And here are a series of published opinions in cases involving Russell Means. Very colorful.
State of South Dakota v. Means
State of South Dakota v. Means — bail
US Marshals Service v Means — Fees
The last two cases, of course, are important precedents in tribal and federal Indian law. The Navajo Supreme Court spoke on the question of tribal criminal jurisdiction over nonmember Indians, holding arguments at Harvard Law School:
in l976 in US v R Means and Poor Bear, a sociological attitude study showing racial prejudice against Indians in the Bismarck, ND area. The
indicators of ‘conservatism’ and lack of diversity were attitudes held by
white persons, per questionaires by Dr. S. Haring.
Fast forward to 2010-12. The UND Fighting SIoux issue portrayed Indians as sub-human cartoon chartacters, with taunts and racial slurs against Indians in North Dakota. POINT: From l976 to 2012, some 35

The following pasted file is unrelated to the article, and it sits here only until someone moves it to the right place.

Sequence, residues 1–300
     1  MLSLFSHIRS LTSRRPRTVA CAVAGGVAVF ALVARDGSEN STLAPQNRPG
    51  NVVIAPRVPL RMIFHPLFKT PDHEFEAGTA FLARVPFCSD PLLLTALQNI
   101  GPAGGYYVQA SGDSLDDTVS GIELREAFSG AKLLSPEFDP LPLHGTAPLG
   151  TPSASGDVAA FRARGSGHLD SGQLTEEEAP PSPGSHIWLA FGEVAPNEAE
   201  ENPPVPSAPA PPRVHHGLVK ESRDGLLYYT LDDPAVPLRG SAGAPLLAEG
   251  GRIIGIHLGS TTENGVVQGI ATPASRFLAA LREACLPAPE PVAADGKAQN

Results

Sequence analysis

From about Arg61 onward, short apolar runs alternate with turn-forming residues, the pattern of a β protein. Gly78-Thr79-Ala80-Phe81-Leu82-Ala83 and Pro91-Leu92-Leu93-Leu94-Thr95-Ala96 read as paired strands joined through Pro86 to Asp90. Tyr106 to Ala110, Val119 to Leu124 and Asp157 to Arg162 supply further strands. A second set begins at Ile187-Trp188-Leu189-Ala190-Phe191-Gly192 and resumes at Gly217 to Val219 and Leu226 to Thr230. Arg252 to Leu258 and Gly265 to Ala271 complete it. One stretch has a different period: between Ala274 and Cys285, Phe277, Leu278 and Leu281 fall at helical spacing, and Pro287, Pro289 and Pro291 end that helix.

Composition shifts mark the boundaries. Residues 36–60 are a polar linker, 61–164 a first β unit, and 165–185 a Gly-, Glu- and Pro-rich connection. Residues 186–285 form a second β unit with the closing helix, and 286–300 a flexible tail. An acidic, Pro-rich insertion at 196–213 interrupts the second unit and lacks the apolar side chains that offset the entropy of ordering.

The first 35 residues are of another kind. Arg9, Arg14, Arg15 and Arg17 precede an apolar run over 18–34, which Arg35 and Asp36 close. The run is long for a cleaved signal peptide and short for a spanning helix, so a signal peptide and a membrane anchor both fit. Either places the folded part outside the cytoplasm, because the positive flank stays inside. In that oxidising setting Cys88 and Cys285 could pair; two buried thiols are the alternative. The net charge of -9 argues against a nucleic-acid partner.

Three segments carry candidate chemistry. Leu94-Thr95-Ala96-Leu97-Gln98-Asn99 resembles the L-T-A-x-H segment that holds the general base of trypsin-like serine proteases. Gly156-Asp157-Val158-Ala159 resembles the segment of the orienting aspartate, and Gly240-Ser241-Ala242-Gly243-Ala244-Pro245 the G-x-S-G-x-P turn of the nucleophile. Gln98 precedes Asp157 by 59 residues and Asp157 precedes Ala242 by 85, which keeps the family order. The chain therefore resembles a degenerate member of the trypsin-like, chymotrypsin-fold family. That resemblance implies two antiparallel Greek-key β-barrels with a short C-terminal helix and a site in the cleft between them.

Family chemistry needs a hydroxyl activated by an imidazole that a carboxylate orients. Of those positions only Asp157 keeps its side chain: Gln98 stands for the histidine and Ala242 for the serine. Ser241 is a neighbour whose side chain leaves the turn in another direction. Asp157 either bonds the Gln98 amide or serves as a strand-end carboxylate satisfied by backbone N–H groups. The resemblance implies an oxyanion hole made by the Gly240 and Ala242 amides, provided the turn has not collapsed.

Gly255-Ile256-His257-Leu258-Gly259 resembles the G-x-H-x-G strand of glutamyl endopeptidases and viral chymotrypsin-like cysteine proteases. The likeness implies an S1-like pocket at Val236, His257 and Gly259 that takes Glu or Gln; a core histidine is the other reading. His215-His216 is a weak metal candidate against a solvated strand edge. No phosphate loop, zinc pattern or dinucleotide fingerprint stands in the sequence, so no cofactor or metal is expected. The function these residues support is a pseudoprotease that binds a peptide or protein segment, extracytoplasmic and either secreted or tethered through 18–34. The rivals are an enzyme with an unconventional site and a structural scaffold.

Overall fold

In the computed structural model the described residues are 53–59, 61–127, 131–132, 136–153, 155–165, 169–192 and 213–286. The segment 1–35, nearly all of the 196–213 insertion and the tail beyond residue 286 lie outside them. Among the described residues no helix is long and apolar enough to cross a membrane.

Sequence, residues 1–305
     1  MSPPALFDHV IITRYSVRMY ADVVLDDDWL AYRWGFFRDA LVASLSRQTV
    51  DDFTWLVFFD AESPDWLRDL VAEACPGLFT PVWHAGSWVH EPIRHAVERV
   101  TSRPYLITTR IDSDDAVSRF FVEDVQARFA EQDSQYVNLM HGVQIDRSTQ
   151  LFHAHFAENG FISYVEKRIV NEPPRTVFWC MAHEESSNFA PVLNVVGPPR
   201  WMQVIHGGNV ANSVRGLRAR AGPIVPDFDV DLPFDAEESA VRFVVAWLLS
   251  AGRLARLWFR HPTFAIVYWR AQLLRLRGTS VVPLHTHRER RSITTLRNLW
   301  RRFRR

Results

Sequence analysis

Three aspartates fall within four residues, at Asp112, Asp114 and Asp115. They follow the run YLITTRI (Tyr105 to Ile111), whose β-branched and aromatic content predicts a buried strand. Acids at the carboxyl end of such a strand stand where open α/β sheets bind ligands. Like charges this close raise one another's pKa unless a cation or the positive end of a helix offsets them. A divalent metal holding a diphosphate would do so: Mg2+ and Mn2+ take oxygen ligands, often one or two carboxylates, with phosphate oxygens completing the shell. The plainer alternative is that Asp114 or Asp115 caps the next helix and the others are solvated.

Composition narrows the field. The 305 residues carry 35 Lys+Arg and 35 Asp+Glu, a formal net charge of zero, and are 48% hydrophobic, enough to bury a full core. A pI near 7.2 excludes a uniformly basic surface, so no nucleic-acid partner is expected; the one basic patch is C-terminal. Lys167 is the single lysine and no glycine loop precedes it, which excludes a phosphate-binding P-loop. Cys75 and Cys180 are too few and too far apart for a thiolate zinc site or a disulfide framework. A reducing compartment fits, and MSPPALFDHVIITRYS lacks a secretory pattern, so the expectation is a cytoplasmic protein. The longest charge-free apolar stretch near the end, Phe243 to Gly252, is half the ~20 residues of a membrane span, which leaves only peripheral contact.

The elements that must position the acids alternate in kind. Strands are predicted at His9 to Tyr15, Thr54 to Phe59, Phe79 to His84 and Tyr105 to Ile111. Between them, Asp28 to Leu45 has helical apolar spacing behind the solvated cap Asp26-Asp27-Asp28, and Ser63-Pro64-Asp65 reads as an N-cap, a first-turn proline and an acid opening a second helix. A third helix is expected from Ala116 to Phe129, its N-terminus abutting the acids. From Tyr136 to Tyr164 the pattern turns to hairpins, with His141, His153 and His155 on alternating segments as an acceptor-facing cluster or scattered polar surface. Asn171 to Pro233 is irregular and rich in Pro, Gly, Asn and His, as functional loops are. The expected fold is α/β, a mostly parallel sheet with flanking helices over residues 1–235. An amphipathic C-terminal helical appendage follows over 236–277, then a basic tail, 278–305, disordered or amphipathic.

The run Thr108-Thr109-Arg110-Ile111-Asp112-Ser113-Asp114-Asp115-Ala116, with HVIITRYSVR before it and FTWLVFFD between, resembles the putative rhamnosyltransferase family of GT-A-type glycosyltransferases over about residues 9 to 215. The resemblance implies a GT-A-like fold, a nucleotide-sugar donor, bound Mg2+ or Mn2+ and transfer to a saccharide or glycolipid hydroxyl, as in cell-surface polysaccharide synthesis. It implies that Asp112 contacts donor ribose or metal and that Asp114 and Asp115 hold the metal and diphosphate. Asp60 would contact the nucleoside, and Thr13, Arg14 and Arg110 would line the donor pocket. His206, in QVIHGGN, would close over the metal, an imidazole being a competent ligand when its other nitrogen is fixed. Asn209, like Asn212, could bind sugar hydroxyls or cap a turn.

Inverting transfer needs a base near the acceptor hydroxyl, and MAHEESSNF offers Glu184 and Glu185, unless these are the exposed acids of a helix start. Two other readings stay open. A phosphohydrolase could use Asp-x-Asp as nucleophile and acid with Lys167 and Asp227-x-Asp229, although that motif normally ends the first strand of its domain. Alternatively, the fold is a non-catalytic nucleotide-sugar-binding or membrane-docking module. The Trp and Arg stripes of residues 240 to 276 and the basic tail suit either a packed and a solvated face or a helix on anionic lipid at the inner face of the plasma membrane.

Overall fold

years later and racist attitudes still linger.
Most Indian criminal defendants lack funds to have expert witnesses
and a jury attitude study, at done in US v. Means. The result is a sky
high rate of Indians in the state pen (jail).
Many still say there is no racial prejudice against Indians in ND, but
the facts or statistics show otherwise.
Russell Means stood up for what he believed in and for this he
stood up for all.
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